Monday, July 11, 2011

Good old Spain was never about Second Division football… let’s oblige. According to the hype, it was about the battles of giants and superstars.
Netzer and Cruyff – the symbols of Primera. Here they are friends… which runs contrary to the fierse reputation of Spanish football and contrary to the legendary hatred between Real and Barcelona.
Well, it was between Barcelona and Madrid – in the news. Dutch or German football? Before the season started it looked like Barcelona was going to rule. Rinus Michels coaching. Cruyff and Neeskens. Lethal. Real Madrid was up to the challenge, of course, but seen slightly less strong – Miljan Miljanic, fresh from good Yugoslavian performance at the World Cup, took the reigns. Netzer and Breitner. It was exciting to speculate on how former Communist guerilla (Miljanic) and current Maoist (Breitner) will get along with Francoist Santiago Bernabeu, but in purely football terms the odds were in Barcelona’s favour. Alas, speculation is one thing; reality – quite another. Michels, Cruyff, and Neeskens were the highest priests of total football, but Barcelona did not play total football – it was more attack oriented brand of the uncromising tough fighting played in Spain. The Dutch superstars fitted surprisingly well in this envirenmont of murderous tackles and full spectrum of dirty tricks, but there was already a change: Cruyff settled in midfield and wasn’t scoring much. To my mind player like Sotil was needed permanently in attack – to score and to open space for the Flying Dutcman – but with the arrival of Neeskens, the Peruvian was permanently benched as a superfluous foreigner. Of course, Neeskens was not bought to keep the bench warm and he played well, but still he found himself playing a bit more defensive role than his familiar attacking roaming. It was not the Dutch, but the Spaniards in Barcelona – as good as they were, they not fantastic. There were problems in attack… problems in defense… the very reasons Cruyff and Neeskens took firm midfield roles and playing in a way below their own potentials. Barcelona finished third…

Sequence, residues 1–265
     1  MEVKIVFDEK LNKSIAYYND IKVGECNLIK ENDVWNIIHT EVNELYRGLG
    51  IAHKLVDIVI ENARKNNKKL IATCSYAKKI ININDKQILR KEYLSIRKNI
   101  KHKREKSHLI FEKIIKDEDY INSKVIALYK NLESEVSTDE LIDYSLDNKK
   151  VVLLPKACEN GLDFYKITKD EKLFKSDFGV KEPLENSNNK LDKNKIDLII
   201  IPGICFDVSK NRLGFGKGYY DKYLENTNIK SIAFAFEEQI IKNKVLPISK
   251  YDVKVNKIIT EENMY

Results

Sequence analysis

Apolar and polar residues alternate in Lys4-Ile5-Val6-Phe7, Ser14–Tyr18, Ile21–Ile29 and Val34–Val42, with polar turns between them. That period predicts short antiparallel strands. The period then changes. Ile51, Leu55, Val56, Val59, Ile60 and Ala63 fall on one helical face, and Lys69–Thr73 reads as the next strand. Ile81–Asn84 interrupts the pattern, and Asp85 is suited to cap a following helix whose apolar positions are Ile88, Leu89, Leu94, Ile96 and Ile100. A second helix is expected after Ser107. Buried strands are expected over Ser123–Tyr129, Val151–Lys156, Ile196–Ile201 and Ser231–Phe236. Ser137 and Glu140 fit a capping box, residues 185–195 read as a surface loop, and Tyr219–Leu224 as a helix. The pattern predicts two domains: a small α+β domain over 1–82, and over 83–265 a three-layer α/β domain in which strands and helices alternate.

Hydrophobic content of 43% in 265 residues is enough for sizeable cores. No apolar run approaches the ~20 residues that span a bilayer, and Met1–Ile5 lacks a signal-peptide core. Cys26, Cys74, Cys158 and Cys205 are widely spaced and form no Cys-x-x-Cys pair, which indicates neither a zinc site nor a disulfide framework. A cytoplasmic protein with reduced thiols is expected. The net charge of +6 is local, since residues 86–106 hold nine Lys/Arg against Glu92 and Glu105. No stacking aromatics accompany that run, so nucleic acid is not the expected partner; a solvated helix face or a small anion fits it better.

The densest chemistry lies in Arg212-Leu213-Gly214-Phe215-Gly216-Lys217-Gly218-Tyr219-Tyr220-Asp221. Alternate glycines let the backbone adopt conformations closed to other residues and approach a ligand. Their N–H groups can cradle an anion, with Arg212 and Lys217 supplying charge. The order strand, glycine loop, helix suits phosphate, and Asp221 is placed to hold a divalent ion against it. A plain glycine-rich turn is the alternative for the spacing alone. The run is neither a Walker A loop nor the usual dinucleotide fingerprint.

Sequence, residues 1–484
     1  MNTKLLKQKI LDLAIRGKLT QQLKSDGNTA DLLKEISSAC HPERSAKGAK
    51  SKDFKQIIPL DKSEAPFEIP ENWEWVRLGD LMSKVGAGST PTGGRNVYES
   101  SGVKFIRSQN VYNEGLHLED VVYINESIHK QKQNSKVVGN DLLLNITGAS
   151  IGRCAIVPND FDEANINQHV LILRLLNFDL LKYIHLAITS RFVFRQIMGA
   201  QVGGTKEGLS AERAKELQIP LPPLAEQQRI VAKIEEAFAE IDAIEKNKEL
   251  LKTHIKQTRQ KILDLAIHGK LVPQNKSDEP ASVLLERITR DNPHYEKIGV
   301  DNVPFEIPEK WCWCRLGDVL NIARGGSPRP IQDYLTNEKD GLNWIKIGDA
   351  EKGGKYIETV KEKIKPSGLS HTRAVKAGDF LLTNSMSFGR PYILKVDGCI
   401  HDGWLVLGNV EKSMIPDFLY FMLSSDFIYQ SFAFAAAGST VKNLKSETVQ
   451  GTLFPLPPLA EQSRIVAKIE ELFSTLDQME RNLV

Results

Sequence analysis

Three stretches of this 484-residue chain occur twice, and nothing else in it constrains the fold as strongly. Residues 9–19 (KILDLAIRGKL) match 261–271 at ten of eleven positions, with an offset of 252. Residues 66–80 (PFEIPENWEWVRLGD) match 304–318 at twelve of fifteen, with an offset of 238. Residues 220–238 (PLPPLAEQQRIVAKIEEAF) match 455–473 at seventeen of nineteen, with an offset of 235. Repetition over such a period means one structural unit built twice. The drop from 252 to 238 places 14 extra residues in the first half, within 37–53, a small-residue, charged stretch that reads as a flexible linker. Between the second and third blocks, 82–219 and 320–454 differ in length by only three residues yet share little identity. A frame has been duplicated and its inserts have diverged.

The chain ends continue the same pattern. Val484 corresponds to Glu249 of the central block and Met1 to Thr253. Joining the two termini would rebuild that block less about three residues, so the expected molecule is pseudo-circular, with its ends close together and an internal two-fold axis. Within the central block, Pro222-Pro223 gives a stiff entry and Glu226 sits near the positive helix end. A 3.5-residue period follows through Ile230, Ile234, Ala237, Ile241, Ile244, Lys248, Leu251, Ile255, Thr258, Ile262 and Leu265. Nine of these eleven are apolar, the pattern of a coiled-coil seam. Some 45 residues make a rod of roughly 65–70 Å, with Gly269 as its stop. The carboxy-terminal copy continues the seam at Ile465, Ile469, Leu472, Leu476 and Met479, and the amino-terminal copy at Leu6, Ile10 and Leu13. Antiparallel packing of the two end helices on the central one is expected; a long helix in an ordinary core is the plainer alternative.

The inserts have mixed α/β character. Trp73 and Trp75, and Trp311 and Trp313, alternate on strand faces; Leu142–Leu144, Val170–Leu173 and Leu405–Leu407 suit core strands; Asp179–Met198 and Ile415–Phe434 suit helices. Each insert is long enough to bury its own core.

Just a year ago it looked like the long suffering of Barcelona came at end and new era of endless titles arrived. In 1975 it was back to normal… Barca was not even real challengers, but good only for a bronze medal. Barcelona had to wait another 10 years before becoming again champions. For Cruyff – 1974 was the single year he won the championship of Spain. Very, very little for the best player in the world. And for completion of humiliation, Real Zaragoza finished second – a distant second: 12 points behind the champions. Barcelona was even more remote.